Astronomers Flock to 'Largest Astronomy Meeting in the Universe'

Astronomers are gathering in Washington, D.C. today for what is being billed as the largest astronomy meeting in the history of the universe.

The event is the 215th meeting of the American Astronomical Society, which is expected to host more than 3,500 astrophysicists, planetary scientists, and science journalists from all over the world.

During the meeting, which runs from Jan. 3 through Jan. 7, scientists will present new findings on everything ranging from black holes to the surface of Mars.

While most of the meeting is not open to the public, one event, dubbed "Science as Performance: Communicating and Educating through Theater, Music, and Dance," features a lecture by Brian B. Schwartz of City University of New York that is open to everyone.

Schwartz will talk about recent examples connecting science and the arts, such as the film "A Beautiful Mind," and the opera "Dr. Atomic," as well as CUNY's performance series Science & the Arts.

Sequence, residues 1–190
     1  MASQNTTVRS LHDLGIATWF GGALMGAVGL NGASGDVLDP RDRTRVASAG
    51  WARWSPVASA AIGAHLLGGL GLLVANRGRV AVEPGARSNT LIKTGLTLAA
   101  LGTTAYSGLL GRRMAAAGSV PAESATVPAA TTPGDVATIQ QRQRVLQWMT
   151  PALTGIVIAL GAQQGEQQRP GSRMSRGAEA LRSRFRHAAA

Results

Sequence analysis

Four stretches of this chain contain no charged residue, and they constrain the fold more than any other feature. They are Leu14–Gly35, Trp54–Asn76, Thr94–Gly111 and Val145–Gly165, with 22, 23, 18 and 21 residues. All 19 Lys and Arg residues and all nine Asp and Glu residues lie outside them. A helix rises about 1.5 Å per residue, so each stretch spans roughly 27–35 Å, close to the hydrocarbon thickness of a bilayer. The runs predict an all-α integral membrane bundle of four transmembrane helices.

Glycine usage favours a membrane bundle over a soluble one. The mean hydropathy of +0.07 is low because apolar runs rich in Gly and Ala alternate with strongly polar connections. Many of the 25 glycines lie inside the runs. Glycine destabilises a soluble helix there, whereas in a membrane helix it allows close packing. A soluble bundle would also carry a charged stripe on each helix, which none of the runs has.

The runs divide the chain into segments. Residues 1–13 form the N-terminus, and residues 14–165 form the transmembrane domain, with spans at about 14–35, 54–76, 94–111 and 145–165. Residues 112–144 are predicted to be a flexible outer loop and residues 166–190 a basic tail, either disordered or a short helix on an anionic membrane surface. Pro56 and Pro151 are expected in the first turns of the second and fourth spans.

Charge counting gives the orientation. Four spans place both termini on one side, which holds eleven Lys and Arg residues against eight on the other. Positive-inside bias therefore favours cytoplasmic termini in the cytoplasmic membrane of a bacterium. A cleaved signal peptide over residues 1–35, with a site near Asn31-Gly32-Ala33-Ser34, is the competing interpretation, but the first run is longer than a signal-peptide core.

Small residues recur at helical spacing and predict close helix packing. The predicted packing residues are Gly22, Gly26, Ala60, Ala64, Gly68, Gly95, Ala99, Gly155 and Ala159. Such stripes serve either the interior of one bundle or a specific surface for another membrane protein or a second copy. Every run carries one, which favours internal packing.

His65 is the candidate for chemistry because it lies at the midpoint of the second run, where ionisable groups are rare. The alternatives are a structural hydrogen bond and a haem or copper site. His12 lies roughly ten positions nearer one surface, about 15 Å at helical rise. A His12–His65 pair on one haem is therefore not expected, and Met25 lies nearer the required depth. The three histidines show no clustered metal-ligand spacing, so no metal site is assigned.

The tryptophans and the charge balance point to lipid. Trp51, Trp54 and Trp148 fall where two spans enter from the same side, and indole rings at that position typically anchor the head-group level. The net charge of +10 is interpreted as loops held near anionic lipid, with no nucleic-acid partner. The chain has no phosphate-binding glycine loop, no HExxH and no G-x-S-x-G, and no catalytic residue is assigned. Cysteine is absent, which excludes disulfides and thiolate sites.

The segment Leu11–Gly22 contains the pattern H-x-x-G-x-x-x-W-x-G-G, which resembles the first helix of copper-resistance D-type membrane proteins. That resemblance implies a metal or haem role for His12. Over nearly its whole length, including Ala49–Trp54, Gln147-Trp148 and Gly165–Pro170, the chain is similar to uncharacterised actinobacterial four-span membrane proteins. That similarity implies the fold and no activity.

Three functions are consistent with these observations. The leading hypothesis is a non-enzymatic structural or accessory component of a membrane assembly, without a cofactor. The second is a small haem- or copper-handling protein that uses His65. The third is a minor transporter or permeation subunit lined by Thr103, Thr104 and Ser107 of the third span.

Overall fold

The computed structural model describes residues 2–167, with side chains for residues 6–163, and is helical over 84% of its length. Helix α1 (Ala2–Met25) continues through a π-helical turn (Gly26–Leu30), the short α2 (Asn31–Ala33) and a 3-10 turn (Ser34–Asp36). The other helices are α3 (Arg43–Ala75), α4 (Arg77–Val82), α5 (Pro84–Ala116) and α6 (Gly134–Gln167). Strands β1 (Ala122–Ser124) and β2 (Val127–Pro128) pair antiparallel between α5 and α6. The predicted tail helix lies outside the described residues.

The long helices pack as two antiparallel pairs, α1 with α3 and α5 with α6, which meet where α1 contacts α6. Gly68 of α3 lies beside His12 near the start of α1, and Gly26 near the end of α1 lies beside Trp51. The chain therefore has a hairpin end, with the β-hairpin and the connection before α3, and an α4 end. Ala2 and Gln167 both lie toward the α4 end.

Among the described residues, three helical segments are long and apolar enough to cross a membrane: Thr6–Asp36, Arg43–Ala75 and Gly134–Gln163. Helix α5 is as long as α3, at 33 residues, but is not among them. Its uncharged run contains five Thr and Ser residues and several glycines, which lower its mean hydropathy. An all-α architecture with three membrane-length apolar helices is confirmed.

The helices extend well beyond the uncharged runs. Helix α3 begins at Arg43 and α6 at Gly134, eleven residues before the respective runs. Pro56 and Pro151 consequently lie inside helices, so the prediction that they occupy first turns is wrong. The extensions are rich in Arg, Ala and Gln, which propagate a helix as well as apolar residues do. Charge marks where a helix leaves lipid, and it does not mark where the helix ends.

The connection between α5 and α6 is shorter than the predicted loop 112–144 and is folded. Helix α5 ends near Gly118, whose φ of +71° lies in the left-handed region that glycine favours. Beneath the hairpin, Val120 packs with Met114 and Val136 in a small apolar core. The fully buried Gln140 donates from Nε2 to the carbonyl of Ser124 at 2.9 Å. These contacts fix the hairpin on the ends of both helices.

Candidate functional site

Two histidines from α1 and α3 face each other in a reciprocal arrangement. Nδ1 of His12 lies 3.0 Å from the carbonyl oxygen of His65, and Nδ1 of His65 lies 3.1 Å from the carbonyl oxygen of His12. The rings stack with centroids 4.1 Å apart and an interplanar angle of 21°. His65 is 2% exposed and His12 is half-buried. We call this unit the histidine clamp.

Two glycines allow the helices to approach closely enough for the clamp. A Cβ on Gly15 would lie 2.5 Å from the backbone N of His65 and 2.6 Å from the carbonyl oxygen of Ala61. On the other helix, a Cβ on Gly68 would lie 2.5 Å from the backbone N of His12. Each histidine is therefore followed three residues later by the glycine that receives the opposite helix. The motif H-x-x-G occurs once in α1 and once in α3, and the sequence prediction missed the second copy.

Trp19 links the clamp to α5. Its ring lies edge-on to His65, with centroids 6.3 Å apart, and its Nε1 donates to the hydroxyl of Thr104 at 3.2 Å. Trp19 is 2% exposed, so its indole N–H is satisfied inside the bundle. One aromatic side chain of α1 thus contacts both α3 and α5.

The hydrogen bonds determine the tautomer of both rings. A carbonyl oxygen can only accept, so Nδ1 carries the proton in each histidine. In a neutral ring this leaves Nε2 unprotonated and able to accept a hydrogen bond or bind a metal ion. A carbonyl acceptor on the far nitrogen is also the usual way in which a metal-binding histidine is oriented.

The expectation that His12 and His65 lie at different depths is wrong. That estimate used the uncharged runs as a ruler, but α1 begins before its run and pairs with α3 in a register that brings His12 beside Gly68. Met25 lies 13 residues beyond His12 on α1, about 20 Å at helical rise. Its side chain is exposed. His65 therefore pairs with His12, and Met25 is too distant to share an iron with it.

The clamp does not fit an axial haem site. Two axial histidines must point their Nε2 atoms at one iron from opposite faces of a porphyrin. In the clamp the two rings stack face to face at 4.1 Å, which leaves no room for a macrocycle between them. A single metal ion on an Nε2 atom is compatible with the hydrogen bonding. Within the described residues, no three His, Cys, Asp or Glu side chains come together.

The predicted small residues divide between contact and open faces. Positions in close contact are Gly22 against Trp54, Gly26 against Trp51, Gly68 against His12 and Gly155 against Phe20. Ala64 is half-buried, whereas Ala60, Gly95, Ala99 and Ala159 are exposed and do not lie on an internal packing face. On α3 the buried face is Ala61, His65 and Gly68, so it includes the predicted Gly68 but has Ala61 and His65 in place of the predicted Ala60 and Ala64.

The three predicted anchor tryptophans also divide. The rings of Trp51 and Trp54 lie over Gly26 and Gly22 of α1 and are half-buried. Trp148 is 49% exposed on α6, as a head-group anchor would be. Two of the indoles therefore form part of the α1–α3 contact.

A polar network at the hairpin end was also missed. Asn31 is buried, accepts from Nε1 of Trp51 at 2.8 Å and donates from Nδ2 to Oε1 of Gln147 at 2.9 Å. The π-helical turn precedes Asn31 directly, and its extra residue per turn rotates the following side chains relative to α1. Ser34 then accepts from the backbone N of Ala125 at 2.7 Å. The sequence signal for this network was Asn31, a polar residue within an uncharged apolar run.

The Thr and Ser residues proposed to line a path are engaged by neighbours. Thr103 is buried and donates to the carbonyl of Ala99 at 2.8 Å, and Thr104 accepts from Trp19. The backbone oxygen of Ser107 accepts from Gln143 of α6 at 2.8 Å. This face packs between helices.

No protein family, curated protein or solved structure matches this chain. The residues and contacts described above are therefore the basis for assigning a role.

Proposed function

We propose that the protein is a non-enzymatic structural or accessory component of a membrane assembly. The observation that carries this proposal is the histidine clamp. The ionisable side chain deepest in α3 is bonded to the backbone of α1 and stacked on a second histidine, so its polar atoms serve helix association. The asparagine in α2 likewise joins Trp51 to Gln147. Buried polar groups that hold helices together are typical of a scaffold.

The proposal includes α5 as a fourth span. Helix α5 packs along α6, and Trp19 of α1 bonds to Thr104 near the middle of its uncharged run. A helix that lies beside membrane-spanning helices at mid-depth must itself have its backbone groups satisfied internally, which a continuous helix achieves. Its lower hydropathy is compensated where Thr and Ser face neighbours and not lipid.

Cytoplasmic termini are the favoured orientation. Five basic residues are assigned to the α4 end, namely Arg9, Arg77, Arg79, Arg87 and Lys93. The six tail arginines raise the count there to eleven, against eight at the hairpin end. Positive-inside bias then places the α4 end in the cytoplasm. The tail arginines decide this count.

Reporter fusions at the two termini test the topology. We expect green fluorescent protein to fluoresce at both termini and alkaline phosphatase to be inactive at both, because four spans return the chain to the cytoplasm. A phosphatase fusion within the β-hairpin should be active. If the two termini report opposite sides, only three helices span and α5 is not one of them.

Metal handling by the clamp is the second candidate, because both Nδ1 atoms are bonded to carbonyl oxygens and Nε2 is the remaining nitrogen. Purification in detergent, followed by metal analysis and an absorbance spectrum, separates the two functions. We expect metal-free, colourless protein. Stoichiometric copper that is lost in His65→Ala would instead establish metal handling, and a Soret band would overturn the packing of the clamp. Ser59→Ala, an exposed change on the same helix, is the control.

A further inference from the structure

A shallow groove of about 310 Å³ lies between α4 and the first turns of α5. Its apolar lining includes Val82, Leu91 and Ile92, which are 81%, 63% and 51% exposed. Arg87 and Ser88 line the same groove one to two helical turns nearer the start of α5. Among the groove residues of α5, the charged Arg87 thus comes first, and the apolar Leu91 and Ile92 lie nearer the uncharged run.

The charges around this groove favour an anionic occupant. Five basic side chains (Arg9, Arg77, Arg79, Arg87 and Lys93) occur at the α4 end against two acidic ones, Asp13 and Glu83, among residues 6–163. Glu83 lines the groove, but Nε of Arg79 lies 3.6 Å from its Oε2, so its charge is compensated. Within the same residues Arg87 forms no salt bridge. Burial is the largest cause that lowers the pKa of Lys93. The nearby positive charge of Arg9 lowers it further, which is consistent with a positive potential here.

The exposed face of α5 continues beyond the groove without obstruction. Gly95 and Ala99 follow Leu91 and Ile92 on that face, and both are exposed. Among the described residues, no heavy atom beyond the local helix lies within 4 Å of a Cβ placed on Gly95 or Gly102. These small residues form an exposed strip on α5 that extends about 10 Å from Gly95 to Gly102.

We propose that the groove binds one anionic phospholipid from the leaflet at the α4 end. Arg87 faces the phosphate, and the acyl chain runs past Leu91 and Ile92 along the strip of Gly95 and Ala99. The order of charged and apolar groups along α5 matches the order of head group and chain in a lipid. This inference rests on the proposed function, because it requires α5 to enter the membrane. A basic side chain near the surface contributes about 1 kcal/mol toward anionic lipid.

Starting Monday, will provide full coverage of discoveries announced at the meeting.

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Andrea Thompson

Andrea Thompson is an associate editor at Scientific American, where she covers sustainability, energy and the environment. Prior to that, she was a senior writer covering climate science at Climate Central and a reporter and editor at Live Science, where she primarily covered Earth science and the environment. She holds a graduate degree in science health and environmental reporting from New York University, as well as a bachelor of science and and masters of science in atmospheric chemistry from the Georgia Institute of Technology.